George Mason University
Approved Minutes of the Faculty Senate's Special Meeting
May 18, 2000

Call to order at 3:04.

The Chair reminded the Senate that this special meeting is called to consider actions taken at yesterday’s BOV meeting. He informed the Senate that the Executive Committee met this morning and slightly amended the motion to bring it up to date in light of yesterday’s BoV meeting.

The Chair noted that 31 Senators were in attendance; therefore there is a quorum.

The Chair called on A. Sofer to summarize yesterday’s BOV meeting. A. Sofer informed the Senate that she has seen a document from the Provost’s Office that summarizes the major changes in the general education proposals coming out of yesterday’s BOV meeting. Some of the onerous language A. Sofer thought would be there was, in fact, not there. She presented a slide of the major changes and continued to describe the lesser changes. Everything that was in the proposals previously is still there, but additions have been made by the BOV.

P. Stearns stated that the substance of the science requirement remains unchanged from what the faculty committee reported it wanted. A course would be developed for those students who were not getting any other science course.

The English 302 requirement was discussed and several Senators indicated their understanding of it. B. Sachs thought that the requirement could be satisfied within the major.

A. Sofer noted that the compulsory general education courses would have a severe impact on ITE. There was further discussion about ongoing BOV review of the details of general education proposals.

Senators who attended the BOV meeting reported that the BOV [Committee?] revised their previous meeting minutes to state that NCC is a program. This contradicts university advertising which refers to NCC as a college. Senators questioned whether the BOV’s actions have real implications concerning the marketing of NCC to prospective students.

The Chair asked D. Gantz to read the revised motion concerning censure. D. Gantz read the motion and spoke in favor of it.
P. Stearns spoke against the motion. He stated that, at the risk of sounding pollyannaish, he is delighted that the BOV accepted the bulk of the faculty committee’s recommendations although there were additions. We will have to implement a finite number of changes. Our cup can be viewed as half full or half empty. He is not sure that formal censure advances the program. He worries that throwing down the gauntlet encourages more BOV action. He is not sure what passing the motion at this point means. In particular, he is not sure what censure will gain us anything in the public opinion battles.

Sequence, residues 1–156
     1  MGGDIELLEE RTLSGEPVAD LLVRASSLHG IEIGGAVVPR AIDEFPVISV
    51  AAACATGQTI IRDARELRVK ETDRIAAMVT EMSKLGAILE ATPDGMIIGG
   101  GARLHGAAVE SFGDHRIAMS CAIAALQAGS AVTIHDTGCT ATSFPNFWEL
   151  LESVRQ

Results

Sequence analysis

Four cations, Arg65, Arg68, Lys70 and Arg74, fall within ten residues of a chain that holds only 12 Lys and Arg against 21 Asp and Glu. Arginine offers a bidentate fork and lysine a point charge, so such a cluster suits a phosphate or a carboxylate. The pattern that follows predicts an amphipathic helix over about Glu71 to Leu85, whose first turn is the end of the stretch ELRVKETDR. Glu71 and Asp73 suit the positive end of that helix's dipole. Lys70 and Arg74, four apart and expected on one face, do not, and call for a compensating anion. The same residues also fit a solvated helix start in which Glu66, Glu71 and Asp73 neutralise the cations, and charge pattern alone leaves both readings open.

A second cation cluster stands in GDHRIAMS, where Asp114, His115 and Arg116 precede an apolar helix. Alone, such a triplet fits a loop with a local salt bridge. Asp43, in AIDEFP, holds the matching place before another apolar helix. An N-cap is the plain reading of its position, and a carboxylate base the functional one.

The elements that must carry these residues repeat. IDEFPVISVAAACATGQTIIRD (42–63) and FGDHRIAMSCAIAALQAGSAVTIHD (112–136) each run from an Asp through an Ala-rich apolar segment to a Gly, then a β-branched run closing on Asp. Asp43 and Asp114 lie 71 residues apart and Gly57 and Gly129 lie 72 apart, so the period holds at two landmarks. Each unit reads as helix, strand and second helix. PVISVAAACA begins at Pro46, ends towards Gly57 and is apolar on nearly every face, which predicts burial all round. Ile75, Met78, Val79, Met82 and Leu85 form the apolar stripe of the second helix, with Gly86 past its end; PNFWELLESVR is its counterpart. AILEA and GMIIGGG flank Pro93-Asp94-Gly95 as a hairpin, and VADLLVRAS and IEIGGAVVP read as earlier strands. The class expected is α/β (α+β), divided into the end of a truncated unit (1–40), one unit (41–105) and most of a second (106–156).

C. Jones suggested that the word ‘censure’ be replaced with something softer like ‘deplore.’ A discussion followed concerning the appropriateness of the word ‘censure.’

J. Censer suggested that the university should be pragmatic and work to implement the modified general education requirements. He argued that we do not need a wildly adversarial relationship with the BOV. He suggested that if the road stays rocky, there will be plenty of opportunity to react in the future and that we should hold off on censure for now.

The two Senators from the Law School stated their opposition to the motion even with the softened language.

Senators supporting the motion for censure stated that the fight goes beyond the recent general education issue. For over a year now, we have pulled back and appeased the BOV and attempted to please them, but this has not worked. Further, it is a matter of principle for the faculty to stand up for their responsibility in curricular matters. When the BOV changes are aimed at the way courses are taught, it is not the quantity of changes but the point of change at all that we must react to. The BOV waved a set of syllabi from a ‘reputable university’ at us. The issue is central to what faculty do. We do not expect the BOV to change in the future, so now is the time to use censure.

D. Strouppa stated that he cannot disagree with many of his colleagues’ statements, but he needs to know that censure will serve a purpose. He stated his belief that censure will make the job harder for him and the Provost. H. Gortner clarified that censure does not mean that we will not cooperate. There are various levels of protest and this is only a first step.

D. Kuebrich reminded Senators that last week he thought he did not want censure. He hoped that the BOV would come around. But he stated that he no longer thinks in those terms. He does not think that censure will result in a major change for the BOV, but he believes it will do some good. Compromise would make our future position worse. L. Bowen pointed out that what is going on here is being paralleled across the country, and this is the time to act. For over a year the BOV has been micromanaging and taking unilateral actions.

The Chair led a round of applause recognizing Mike McDermott for his appointment to Emeritus Status and his many years at GMU, in particular, his many years of bearing the University Mace at graduation ceremonies. and the History Department as they work over the next few months to implement the changes. There were additional statements of support and appreciation for the Provost, and expressions of the desire not to make his job harder.

Return to the Archives